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Sen. Warren, Rep. Khanna Demand Worker Board Representation in Next COVID-19 Relief Package

Thomson Reuters Tax & Accounting  

· 5 minute read

Thomson Reuters Tax & Accounting  

· 5 minute read

By Bill Flook

Two Democratic lawmakers are demanding that the next COVID-19 relief bill include a mandate that employees are represented on corporate boards at companies that receive aid, among other points in a proposed “Essential Workers Bill of Rights.”

In a “Dear Colleague” letter, Sen. Elizabeth Warren of Massachusetts and Rep. Ro Khanna of California sought to muster support for the reforms by an April 21, 2020, deadline. The push for the corporate governance reforms comes as Congress prepares to vote on a fourth coronavirus aid bill as soon as this week.

“Congress should ensure that any taxpayer dollars handed to corporations go to help workers, not wealthy CEOs, rich shareholders, or the President’s cronies,” the two lawmakers wrote in the plea. “That means taxpayers and workers should have a stake in how funds are used and companies should be required to use funding for payroll retention, put workers on boards of directors, and remain neutral in union organizing drives. CEOs should be required to personally certify they are in compliance with worker protections, so they can face civil and criminal penalties if they break their word.”

The issue of employee representation on boards of directors has gained some traction as a Democratic priority amid the COVID-19 pandemic, in which Democrats are seeking to tie any corporate aid to a series of new requirements. Republican critics have accused Democrats of attempting to pack coronavirus relief measures with long-standing policy goals that have little to do with the crisis at hand.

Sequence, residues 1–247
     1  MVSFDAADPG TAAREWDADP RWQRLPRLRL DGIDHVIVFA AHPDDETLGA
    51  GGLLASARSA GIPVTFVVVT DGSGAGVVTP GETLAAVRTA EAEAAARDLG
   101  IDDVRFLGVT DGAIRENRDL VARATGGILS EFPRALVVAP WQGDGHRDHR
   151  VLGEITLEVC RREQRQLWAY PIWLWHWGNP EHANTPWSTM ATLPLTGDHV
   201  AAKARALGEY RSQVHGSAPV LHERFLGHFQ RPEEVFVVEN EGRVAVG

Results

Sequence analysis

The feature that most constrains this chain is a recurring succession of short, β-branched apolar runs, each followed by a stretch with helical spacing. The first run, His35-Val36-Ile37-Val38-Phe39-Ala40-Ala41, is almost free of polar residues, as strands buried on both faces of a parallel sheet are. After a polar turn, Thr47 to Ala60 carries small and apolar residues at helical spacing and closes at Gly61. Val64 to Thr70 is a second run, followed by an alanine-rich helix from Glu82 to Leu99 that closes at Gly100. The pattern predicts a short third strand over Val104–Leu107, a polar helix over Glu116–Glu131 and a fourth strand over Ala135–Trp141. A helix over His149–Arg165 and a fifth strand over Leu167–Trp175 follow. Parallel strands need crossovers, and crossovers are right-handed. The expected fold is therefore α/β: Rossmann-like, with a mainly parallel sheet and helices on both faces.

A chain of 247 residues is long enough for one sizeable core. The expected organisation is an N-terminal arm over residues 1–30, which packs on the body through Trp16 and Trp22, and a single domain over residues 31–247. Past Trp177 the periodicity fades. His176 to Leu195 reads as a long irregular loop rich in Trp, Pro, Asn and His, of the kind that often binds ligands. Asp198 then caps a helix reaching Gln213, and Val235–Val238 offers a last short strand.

Under a COVID-19 relief package championed last month by House Financial Services Committee Chair Maxine Waters and other Democrats, recipients of funding would be required to allow employees to elect at least one third of the board of directors in a “one-employee-one-vote” process.

That language echoed Sen. Tammy Baldwin’s Reward Work Act, which, in addition to prohibiting companies from buying back stock on the open market, would have also mandated one-third worker representation on boards of directors.

Baldwin in mid-March introduced the latest version of her bill as S. 3540. Joining Baldwin in sponsoring the bill are Sens. Richard Blumenthal of Connecticut, Ed Markey of Massachusetts, both Democrats, and Bernie Sanders, an Independent from Vermont.

Congress late last month ultimately passed a COVID-19 relief bill, the $2 trillion Coronavirus Aid, Relief, and Economic Security (CARES), which temporarily banned stock buybacks, dividends, and certain executive compensation practices for businesses that receive certain loans. The CARES Act did not, however, contain a mandate for worker representation on corporate boards.

Warren, who recently ended her presidential bid, had been vocal on the issue prior to the COVID-19 crisis. In January, she reintroduced S. 3215, the Accountable Capitalism Act, which would, among other provisions, establish a new process by which companies with more than $1 billion in revenue would be required to become federally chartered through a new Office of United States Corporations within the Department of Commerce.

Those chartered corporations would be required to let employees elect at least 40 percent of the board of directors, while the SEC would be directed to issue rules within a year, ensuring that director elections are “fair and democratic,” and that employee representation is “meaningful and appropriate” with race, ethnicity, gender, sexual orientation, and gender identity taken into consideration, as well as “the affiliation to historically underrepresented groups,” including veterans and individuals with disabilities.


This article originally appeared in the April 21, 2020 edition of Accounting & Compliance Alert, available on Checkpoint.

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